A Study on Schizophrenia
By S. Sree Vidhya
What is schizophrenia and how is it portrayed in modern day media?
What causes it?
Methods of treatment
So much weight this singular word contains. Crazy. A word that can end up being a
blazing red brand on your forehead, or a smear of black on your spotless record. Even with today’s rapidly spreading awareness about mental illnesses and how important normalizing them is, schizophrenia is one of the disorders that are still looked at with the crimson tinted glasses of fear and apprehension. And just like that, with a singular whispered word, crazy, comes a slew of others raining down on the innocent like spears. Unstable. Scary. Possessed. Dangerous.
Monsters made out of men
It’s very easy to take advantage and creative liberty when it comes to this ‘mysterious’ disease. How could they not? Writers, directors and other artists could have a field day with all the half-baked information about schizophrenia that floats around: a disease that’s characterized by vivid hallucinations, a picture perfect definition of someone insane, essentially, a psychopath. In an alarming number of movies, villains and serial killers are shown to have schizophrenia and even that portrayal of the disease is often inaccurate at best and awfully damaging at worst. But let’s look at the plain and simple truth: Schizophrenia is a mental disorder in which people interpret reality abnormally. It’s nothing to be glorified or taken advantage of. It’s a serious illness that requires treatment and long-time care. Schizophrenia results in various behavioral and psychological symptoms that can be classified as positive, negative and psychomotor. Positive symptoms are the ones that are always so gleefully highlighted and exploited in our media for entertainment purposes. They are "pathological excesses" or "bizarre additions "to a person’s behavior. Examples include delusions, visual and auditory hallucinations, disorganized thinking and speech. Negative symptoms are ‘pathological deficits’ and include poverty of speech, social withdrawal, blunted and flat effect. In reality, these considerably less flashy symptoms are more commonly seen in patients with Schizophrenia. The last type of symptoms displayed are psychomotor. These include actions such as spontaneous or odd movements, gestures and in extreme forms, catatonia.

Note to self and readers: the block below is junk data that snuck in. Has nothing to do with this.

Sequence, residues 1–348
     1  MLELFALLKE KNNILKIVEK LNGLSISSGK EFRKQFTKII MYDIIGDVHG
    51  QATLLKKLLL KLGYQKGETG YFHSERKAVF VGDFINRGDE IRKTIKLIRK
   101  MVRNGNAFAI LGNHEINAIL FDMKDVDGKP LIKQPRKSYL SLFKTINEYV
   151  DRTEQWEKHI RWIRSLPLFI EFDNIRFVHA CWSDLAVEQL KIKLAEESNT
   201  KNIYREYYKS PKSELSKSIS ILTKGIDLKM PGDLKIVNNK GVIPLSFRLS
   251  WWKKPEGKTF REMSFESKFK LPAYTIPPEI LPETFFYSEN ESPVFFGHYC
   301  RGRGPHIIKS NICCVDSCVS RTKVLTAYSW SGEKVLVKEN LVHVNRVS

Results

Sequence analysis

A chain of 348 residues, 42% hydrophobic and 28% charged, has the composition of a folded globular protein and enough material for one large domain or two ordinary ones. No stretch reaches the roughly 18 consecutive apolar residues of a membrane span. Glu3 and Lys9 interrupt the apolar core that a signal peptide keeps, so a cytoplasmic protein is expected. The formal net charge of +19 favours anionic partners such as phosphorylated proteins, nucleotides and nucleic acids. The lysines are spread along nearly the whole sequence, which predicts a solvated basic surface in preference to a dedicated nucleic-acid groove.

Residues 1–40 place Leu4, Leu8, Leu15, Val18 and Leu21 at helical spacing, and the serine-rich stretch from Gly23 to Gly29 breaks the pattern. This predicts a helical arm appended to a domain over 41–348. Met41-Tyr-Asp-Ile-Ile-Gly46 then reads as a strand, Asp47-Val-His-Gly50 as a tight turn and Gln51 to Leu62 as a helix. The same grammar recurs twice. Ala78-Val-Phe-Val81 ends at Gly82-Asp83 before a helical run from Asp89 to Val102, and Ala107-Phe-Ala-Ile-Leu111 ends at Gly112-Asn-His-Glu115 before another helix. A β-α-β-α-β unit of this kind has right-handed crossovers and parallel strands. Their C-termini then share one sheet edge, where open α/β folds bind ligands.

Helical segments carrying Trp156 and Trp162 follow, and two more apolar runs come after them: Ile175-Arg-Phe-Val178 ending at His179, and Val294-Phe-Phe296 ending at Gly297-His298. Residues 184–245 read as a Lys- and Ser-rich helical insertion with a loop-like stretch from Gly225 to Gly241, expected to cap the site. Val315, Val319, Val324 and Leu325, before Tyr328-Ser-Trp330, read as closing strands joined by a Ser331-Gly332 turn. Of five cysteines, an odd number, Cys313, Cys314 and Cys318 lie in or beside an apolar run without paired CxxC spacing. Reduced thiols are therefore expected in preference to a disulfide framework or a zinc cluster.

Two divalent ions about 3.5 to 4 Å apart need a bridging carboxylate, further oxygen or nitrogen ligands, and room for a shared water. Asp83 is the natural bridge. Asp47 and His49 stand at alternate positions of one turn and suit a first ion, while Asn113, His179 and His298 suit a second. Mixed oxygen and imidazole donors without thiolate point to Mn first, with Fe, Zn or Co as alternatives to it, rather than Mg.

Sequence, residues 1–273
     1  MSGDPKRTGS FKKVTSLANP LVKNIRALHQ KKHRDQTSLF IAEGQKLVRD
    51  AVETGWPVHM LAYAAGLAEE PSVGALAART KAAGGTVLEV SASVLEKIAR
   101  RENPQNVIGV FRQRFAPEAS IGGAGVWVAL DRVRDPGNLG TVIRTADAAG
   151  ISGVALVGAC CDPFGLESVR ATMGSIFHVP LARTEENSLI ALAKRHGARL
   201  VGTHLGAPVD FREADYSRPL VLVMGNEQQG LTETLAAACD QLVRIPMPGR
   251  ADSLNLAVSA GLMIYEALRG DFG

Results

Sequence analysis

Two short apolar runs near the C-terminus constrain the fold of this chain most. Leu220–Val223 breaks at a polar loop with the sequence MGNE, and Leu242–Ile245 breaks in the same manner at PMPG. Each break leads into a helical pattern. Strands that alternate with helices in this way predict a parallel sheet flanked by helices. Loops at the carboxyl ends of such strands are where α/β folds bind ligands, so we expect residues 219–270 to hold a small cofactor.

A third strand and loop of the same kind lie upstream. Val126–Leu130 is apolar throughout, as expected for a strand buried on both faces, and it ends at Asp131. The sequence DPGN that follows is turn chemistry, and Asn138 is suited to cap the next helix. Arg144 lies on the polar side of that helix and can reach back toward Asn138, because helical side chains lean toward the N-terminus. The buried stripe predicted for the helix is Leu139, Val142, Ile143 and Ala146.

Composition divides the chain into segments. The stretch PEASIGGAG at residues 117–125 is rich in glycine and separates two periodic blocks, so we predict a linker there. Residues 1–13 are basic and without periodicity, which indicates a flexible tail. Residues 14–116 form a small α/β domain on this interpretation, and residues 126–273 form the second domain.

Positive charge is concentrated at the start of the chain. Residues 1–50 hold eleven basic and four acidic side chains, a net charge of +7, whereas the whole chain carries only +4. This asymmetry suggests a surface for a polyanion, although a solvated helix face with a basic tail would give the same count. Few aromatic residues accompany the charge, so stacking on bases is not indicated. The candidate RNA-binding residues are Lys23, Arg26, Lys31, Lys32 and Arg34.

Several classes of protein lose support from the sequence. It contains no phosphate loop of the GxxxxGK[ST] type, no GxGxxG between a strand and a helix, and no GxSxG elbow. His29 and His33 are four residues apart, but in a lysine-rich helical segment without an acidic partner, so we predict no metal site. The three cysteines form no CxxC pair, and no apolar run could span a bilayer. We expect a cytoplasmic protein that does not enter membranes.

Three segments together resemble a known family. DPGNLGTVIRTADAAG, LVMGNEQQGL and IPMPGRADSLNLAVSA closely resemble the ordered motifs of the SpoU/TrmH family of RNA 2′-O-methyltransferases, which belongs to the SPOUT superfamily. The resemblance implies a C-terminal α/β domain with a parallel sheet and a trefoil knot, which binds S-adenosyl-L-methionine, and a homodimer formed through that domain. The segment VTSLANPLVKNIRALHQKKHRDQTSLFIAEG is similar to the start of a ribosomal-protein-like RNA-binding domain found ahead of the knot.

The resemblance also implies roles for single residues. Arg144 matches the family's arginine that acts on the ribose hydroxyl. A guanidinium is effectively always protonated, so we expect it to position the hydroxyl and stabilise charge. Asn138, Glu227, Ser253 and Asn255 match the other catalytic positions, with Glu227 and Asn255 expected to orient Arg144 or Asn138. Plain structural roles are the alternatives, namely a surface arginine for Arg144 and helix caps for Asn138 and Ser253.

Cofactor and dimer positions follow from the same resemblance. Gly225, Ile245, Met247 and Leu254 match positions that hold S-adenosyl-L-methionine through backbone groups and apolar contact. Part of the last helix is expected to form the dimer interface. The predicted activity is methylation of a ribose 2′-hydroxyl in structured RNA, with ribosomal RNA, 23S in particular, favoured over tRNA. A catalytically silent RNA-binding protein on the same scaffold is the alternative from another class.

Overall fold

Known Triggers that Elevate Violent Behavior
Just like cancer and diabetes, schizophrenia is a real illness with a biological basis. While no one’s certain on why exactly a person is affected by schizophrenia, researchers have uncovered a number of things that appear to make someone more likely to get schizophrenia, including but not limited to genetics (heredity), faulty brain chemistry and circuits, brain abnormality, and environment. Things like viral infections, exposure to toxins like marijuana, or highly stressful situations may trigger schizophrenia in people whose genes make them more likely to get the disorder. Schizophrenia more often surfaces when the body is having hormonal and physical changes, like those that happen during the teen and young adult years. Again, all of the above scenarios are purely based on heightened likelihood of getting schizophrenia, not a confirmation. Various movies and works of fiction often show schizophrenia as a result of some traumatic life event, but this is not true. Schizophrenia is not a disorder that can be triggered by trauma.